3) Have a plan. You only have 5-6 hours of daylight. Trust me, you do not want to be spending two of those hours deciding where to go then spending another hour in the car. You leave when it’s dark outside and arrive at destination for sunrise. Have each day planned out with routes, travel times, what you want to see etc.
4) Don’t revolve the holiday around getting to the blue lagoon. Yes it’s cool and yes your in a thermal bath outside while it’s snowing down on top of you (if it’s winter) but it’s not everything it’s cracked up to be and don’t come thirsty because drinks at the bar are not cheap! Didn’t stop me sampling a beverage or two though :-)
5) if your traveling in winter have plenty of layers. The wind chill can be quite cold. Now I am not a cold person I quite like the cold but I will never forget our first morning in Gulfoss waterfall I thought my hands would fall off. I was hardly able to remove the camera from the tripod! Good sturdy walking shoes are helpful too with warm socks.
Want to see the Northern Lights?
Check the KP index. The KP is basically how they measure the aurora activity ranging from 1-9 with 1 being the lowest and 9 being a mad solar storm that rarely ever happens.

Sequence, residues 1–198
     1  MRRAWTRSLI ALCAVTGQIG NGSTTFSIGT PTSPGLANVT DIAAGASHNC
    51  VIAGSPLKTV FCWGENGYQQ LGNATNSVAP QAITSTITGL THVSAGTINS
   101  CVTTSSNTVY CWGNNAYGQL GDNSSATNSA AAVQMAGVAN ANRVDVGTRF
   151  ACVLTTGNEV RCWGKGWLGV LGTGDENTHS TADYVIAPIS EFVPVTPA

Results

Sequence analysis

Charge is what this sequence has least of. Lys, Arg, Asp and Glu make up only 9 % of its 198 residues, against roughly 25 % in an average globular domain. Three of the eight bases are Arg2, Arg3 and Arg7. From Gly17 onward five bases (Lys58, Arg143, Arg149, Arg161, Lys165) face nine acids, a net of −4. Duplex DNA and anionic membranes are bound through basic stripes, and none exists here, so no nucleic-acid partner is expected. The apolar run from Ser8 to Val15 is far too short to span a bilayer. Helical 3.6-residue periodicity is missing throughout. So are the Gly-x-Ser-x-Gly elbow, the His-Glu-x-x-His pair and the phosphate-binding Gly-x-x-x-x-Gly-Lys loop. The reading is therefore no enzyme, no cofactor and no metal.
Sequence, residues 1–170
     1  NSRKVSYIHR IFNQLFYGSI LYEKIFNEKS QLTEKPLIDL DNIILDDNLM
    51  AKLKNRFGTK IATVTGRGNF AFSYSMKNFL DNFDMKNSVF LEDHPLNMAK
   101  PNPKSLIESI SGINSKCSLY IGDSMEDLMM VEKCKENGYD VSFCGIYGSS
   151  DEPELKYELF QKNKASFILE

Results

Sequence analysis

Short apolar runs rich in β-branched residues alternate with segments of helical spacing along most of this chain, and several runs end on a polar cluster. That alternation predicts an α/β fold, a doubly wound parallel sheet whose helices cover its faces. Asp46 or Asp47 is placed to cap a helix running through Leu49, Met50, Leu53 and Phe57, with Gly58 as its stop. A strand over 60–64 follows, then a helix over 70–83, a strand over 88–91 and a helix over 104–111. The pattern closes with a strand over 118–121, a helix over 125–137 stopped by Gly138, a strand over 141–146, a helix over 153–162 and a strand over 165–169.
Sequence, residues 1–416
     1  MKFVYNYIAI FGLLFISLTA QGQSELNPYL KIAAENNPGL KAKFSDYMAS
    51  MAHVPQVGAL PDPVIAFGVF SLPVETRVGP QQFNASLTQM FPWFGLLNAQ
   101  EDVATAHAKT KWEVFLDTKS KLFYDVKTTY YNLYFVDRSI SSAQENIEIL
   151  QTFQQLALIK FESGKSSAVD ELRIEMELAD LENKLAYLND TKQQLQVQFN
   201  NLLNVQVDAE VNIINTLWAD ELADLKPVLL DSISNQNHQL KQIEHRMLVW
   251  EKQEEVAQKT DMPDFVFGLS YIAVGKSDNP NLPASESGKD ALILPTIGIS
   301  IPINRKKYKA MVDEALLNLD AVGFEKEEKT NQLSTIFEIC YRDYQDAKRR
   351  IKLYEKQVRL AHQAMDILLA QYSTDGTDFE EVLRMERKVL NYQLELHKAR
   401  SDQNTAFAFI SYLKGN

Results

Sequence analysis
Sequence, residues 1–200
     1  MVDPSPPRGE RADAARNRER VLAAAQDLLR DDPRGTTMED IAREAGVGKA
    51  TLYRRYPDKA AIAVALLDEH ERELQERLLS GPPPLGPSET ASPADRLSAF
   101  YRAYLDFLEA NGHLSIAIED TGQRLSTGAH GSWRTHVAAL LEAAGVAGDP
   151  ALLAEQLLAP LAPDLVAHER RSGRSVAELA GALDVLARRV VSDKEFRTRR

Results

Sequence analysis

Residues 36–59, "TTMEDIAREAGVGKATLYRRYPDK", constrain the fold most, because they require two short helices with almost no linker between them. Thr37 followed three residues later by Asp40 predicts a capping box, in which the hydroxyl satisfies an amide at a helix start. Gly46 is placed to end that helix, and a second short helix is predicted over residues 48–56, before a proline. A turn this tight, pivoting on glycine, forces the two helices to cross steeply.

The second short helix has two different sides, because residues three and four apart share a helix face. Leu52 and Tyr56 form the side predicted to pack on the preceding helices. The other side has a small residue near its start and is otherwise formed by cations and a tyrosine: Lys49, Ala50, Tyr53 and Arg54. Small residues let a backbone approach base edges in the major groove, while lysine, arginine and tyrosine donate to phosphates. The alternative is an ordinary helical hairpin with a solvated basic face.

You also need a clear sky, which you Astro photographers reading this will know. When I saw the lights the KP index was a mere 1 yet they were still dancing across the clear sky. It was our last night in Iceland and every night previous the cloud has thickened and so with it vanished our chances of seeing the lights. I was beginning to get disheartened when I found this secluded spot near a lighthouse on our last day and I knew if that night the sky was clear we’d see them. Sure enough with us due to drop the car back at the rental for 4:30am , at 2:30am we were standing on the coast line staring up at the green lights flickering overheard and what a sight it was.
1) find a spot away from any city and light pollution
2) make sure the sky is clear
3) try find a nice composition also
4) wind open that aperture on your lens and watch the magic happen!! (Obviously there’s more to the technical side of shooting the northern lights than that but plenty of those articles online).
I thinks thats it. I know I have skipped loads and forgotten to add in stuff but I don’t like long pieces and if you have gotten this far even FairPlay and thanks for reading!
If you have any questions about Iceland drop me a message I’d be More than happy to help :-)